After recent work on congressional deals, Biden looks like a more serious contender in 2016, if he chooses to run.
It is far too early to handicap the 2016 Academy Awards, the 2016 World Series or the 2016 Summer Olympics. And yet, if you are a true political junkie, you may already be apoplectic that we aren’t yet knee-deep in discussions about the next presidential race.
While you have my pity if you are one of those people, it’s undeniably true that politicians being who and what they are, it is never too early to ponder about the next step of the political ladder. And for some, the White House is the only rung that really matters.
I remember in 2005 asking Robert Gibbs, then the press secretary for recently elected Sen. Barack Obama of Illinois, whether, given the talk of a Draft Obama campaign, the freshman senator was mulling a presidential run in 2008.
Gibbs, whom I had known from his days at the Democratic Senatorial Campaign Committee, laughed at the absurdity of the question (I thought it silly, too, but wanted to make sure that I wasn’t missing something) and assured me that no, the just-elected senator had no intention of running, no matter what rumors or draft movements were floating around the Internet.
Obama understood where he ranked in the pecking order and was only starting to learn how things were done on Capitol Hill, Gibbs assured me, adding the obvious disclaimer that, of course, nobody knows what will happen down the road, but the freshman senator wasn’t considering anything as soon as 2008.
It wasn’t terribly long after that that Obama did start to look at a possible bid for the Democratic nomination, no matter how intimidating the probable candidacy of then-Sen. Hillary Rodham Clinton of New York looked.
I don’t believe, I should point out, that Gibbs had intentionally misled me. I believe that the freshman senator wasn’t seriously thinking about a presidential run when I asked.
But things can change quickly in Washington, D.C., and Democrats started whispering into the ear of the then-senator from Illinois that while 2008 wasn’t an ideal time for him to mount a presidential bid, it might turn out to be the best time. Who knows when another opportunity for a fresh face and political outsider will come along?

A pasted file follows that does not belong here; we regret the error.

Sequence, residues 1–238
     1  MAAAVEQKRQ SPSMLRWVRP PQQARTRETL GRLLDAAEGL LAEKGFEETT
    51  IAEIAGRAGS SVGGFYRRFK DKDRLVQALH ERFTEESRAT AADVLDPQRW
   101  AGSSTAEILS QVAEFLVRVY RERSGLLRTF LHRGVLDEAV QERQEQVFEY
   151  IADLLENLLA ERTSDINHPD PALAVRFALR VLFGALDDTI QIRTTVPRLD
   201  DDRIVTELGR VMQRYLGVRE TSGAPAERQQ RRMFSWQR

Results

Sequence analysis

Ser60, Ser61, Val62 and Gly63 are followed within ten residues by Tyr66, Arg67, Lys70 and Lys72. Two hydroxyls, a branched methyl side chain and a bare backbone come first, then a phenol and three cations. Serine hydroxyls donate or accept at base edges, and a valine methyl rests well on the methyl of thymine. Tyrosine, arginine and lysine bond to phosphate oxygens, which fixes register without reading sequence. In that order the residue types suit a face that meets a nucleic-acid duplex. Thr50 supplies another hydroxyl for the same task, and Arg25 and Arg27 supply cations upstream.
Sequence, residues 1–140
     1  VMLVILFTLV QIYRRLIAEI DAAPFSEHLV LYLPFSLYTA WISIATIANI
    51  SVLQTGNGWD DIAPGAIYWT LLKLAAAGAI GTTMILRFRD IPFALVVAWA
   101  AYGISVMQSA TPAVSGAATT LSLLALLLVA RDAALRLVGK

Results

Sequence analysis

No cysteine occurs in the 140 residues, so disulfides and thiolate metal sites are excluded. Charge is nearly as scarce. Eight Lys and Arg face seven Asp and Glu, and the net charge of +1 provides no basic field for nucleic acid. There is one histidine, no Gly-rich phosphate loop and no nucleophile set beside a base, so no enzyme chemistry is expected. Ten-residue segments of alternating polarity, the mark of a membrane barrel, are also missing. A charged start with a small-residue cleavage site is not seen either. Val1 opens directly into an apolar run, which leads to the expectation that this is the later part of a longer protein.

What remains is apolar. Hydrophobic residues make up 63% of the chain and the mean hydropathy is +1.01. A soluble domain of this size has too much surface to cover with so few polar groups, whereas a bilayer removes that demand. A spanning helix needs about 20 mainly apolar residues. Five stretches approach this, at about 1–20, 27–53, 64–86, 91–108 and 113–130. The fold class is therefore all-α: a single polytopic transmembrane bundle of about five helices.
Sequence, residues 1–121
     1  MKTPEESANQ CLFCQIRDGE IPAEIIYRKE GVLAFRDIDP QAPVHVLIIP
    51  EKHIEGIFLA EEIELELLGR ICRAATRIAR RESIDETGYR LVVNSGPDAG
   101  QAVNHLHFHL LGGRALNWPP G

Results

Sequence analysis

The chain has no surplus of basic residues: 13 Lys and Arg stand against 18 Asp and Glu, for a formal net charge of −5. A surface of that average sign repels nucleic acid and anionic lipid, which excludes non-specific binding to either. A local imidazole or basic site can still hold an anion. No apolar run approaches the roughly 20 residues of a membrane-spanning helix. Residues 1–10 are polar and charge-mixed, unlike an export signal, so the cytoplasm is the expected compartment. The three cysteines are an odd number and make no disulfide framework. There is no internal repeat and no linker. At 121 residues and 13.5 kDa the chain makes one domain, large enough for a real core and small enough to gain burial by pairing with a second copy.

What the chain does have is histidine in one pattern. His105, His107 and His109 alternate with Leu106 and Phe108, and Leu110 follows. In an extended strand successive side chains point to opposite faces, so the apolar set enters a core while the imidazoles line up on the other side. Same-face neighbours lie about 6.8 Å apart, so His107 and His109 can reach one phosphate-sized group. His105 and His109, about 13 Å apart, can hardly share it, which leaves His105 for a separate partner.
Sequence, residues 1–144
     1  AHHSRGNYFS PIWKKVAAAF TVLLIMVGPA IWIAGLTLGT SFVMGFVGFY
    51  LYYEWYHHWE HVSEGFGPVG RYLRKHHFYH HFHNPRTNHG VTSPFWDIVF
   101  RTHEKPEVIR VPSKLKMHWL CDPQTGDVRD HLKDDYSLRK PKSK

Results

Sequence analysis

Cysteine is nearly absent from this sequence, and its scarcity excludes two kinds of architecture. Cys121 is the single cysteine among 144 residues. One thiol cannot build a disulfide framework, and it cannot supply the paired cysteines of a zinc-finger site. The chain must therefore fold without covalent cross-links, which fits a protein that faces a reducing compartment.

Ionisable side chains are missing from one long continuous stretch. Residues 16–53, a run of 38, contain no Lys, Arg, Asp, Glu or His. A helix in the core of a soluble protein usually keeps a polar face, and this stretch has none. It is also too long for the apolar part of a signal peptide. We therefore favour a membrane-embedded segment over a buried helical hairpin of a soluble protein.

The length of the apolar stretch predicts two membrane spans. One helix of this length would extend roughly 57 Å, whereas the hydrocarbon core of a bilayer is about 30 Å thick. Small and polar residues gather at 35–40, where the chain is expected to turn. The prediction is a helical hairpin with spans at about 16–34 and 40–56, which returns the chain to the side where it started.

Open seats are difficult to resist, since they often seem enticingly winnable. That should make 2016 a tempting prize for presidential hopefuls on both sides of the aisle.
The Democratic side looks too easy to handicap, which probably means surprises are in store.
For different reasons, Clinton, now the outgoing secretary of State, and Vice President Joseph R. Biden Jr. are in a tier all their own, though they aren’t in an identical place within that tier.
For many, Clinton, who started as the solid favorite for the Democratic nomination only to have Obama snatch it from her, is the prohibitive favorite for her party’s nomination if she wants it. At this point, we just don’t know if she will want it. Maybe the former first lady doesn’t even know yet.
Biden, who will turn 71 toward the end of this year, was mocked often during Obama’s first term, but the former Delaware senator’s role in negotiating a deal to avert the fiscal cliff and his lead role in trying to come up with gun legislation that could be both effective and enacted suddenly makes him look like a more serious contender in 2016, if he chooses to run.
After Clinton and Biden, the list becomes more speculative. New York Gov. Andrew M. Cuomo and Maryland Gov. Martin O’Malley are seen as ambitious and interested. Former Montana Gov. Brian Schweitzer probably should be on the list as well.